A simulation scheme first encodes fermionic states in qubits, then acts with the qubit operator representing the fermionic operator (obtained by the associated transformation), then inverts the encoding to obtain the resultant fermionic state. The criterion for a successful simulation scheme is that this procedure reproduces the action of the fermionic operator, i.e., that Path 1 is equivalent to Path 2, for all basis states—in other words, that this diagram commutes.
The matrix β n that transforms occupation number basis vectors of length n into the Bravyi-Kitaev basis. β1 is a (1 × 1) matrix with a single entry of 1. Subsequent iterations of the matrix that act on occupation number basis vectors of length 2 x are constructed by taking and then filling in the top row of the first quadrant of this matrix with 1's. β n for 2 x < n < 2 x+1 is just the (n × n) segment of that includes b 0 through b n−1. The recursion pattern for the inverse transformation matrix is also shown. An entry of 1 in row b i , column f j means that b i is a partial sum including f j .
A demonstration of how to exponentiate tensor products of Pauli matrices. First, the parity of the four qubits is computed with CNOT gates, and then a single-qubit phase rotation R z is applied. Then, we uncompute the parity with three further CNOT gates.
A demonstration of how to exponentiate tensor products of Pauli-X and Y matrices. First, the qubits are put in the correct basis by the application of R x or Hadamard gates. Then, the parity of the four qubits is computed with CNOT gates, and then a single-qubit phase rotation R z is applied. Then, we uncompute the parity with more CNOT gates, and finally change back to the computational (Z) basis.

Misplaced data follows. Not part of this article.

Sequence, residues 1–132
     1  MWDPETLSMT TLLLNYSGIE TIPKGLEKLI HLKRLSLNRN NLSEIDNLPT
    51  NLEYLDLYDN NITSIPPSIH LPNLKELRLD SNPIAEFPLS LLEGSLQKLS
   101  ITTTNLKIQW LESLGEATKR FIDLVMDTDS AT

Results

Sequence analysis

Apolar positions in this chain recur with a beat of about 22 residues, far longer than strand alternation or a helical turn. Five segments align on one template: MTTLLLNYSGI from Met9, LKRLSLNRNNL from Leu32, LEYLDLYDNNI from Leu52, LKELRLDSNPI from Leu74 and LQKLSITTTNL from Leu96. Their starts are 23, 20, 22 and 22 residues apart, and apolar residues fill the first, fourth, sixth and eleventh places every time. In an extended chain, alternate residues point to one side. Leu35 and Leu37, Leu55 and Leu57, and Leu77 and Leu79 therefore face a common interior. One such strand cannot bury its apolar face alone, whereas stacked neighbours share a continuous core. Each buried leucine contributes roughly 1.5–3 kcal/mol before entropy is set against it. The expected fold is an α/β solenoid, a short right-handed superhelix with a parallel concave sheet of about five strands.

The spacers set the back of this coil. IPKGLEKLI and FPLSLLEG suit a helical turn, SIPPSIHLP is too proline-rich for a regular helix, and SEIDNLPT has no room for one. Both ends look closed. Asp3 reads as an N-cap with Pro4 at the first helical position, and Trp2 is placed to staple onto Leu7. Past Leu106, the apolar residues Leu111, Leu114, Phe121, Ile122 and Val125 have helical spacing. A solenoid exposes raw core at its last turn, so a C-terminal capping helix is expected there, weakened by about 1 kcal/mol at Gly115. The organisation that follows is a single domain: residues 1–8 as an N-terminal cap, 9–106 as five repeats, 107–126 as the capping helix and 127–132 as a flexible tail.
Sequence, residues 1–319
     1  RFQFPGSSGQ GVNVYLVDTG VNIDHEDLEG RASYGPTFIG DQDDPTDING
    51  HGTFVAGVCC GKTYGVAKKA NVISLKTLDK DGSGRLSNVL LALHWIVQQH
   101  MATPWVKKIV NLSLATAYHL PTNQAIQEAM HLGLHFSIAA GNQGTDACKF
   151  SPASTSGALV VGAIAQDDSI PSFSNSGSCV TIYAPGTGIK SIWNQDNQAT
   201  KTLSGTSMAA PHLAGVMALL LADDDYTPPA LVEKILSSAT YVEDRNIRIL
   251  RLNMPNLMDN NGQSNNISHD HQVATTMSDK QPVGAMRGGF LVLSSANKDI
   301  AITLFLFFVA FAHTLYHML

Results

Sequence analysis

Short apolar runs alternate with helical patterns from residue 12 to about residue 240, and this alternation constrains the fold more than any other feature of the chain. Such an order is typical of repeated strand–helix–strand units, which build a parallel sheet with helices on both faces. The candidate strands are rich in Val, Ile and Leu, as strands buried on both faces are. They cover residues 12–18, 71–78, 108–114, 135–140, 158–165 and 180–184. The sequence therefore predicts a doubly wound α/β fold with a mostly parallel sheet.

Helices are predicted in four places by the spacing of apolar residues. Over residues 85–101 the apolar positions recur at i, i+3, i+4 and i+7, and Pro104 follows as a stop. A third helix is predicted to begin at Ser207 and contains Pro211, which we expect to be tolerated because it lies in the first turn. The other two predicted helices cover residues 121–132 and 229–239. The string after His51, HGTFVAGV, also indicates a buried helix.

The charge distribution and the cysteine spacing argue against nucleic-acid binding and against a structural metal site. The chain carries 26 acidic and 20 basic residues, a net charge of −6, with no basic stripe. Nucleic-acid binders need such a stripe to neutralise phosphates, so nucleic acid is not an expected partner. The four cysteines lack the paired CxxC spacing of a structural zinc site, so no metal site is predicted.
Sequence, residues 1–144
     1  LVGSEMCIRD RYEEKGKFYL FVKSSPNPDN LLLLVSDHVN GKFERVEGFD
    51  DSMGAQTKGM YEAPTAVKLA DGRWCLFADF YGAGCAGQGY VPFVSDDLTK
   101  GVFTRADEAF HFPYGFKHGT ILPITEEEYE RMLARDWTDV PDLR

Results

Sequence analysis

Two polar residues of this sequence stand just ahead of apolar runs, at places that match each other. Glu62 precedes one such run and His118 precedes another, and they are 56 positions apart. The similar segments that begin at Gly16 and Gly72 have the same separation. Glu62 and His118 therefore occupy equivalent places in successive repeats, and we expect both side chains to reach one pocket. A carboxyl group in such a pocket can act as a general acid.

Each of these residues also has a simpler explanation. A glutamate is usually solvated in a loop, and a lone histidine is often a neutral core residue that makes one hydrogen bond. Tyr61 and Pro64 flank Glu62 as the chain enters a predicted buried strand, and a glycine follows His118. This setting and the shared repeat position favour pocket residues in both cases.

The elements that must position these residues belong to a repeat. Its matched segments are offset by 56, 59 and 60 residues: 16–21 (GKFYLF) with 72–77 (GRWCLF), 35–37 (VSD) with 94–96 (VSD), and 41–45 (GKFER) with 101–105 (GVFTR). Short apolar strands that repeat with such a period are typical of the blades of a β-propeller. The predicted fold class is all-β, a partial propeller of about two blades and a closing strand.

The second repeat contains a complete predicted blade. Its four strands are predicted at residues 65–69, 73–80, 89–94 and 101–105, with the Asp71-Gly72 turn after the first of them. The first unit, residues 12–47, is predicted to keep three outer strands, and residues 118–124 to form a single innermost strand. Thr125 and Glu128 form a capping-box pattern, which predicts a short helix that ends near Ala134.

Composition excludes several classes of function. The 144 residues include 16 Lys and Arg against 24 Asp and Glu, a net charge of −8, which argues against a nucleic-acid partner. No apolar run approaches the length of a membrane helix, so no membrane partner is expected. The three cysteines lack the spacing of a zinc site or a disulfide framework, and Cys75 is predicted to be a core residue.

The approximation to the ground state eigenvalue, for both the Bravyi-Kitaev Hamiltonian (squares) and Jordan-Wigner Hamiltonian (circles), as a function of the number of gates required. The solid curves are the first order Suzuki-Trotter approximations, the dotted-dashed second order, the dotted third order, and the dashed fourth. The dotted horizontal line represents the true eigenvalue, while the solid lines above and below represent the bounds for chemical precision.
The approximation to the ground state eigenvalue, for both the Bravyi-Kitaev Hamiltonian (squares) and Jordan-Wigner Hamiltonian (circles), as a function of the number of gates required. The solid curve is the naïve first order Suzuki-Trotter approximation, while the dashed curve is the result from alternating the noncommuting terms. The dotted horizontal line represents the true eigenvalue, while the solid lines above and below represent the bounds for chemical precision. The ground state eigenvalue of the Bravyi-Kitaev Hamiltonian can be approximated to chemical precision with 222 gates, while it takes 328 gates to do the same for the Jordan-Wigner Hamiltonian.
The gate savings of using the Bravyi-Kitaev method instead of the Jordan-Wigner method, as a function of the precision in the estimate of the ground state eigenvalue for the first four orders of Suzuki-Trotter formulae. The vertical line is the threshold error for chemical precision. The triangle data points are first order, the squares second, the circles third, and the diamonds fourth.
The five classes of Hermitian second quantized operators that appear in electronic Hamiltonians. In general, the overlap integrals h ij and h ijkl may be complex.
The algebraic expressions for general products of the form in the Bravyi-Kitaev basis. These expressions vary in form depending on the parity of the indices i and j, as well as on the overlaps between the parity and update sets of the indices. The notation is shorthand to indicate that the operator O does not operate on the qubits in the set S (i.e., ).
The overlap integrals for molecular hydrogen in a minimal basis. The integrals were obtained through a restricted Hartree-Fock calculation in the PyQuante quantum chemistry package at an internuclear separation of 1.401000 a.u. (7.414 × 10−11 m).
The number of single-qubit gates and CNOT gates required to exponentiate subsets of the electronic Hamiltonian for the hydrogen molecule, represented in terms of spin variables through either the Bravyi-Kitaev transformation or the Jordan-Wigner transformation.
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